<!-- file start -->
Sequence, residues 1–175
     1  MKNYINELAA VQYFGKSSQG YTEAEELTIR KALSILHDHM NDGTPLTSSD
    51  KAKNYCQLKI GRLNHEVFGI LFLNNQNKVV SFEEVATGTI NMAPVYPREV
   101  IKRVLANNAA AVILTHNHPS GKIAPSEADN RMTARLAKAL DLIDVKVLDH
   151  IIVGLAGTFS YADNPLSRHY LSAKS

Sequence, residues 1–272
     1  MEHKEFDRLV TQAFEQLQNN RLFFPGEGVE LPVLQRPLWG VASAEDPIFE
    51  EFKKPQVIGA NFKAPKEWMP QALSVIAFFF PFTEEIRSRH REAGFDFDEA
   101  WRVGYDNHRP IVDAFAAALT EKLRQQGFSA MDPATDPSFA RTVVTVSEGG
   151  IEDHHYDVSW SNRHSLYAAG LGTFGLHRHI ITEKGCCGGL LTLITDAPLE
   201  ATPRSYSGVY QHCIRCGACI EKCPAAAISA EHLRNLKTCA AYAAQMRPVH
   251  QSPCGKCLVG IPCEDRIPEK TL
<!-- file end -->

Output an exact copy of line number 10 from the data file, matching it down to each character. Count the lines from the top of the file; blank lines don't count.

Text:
   151  IEDHHYDVSW SNRHSLYAAG LGTFGLHRHI ITEKGCCGGL LTLITDAPLE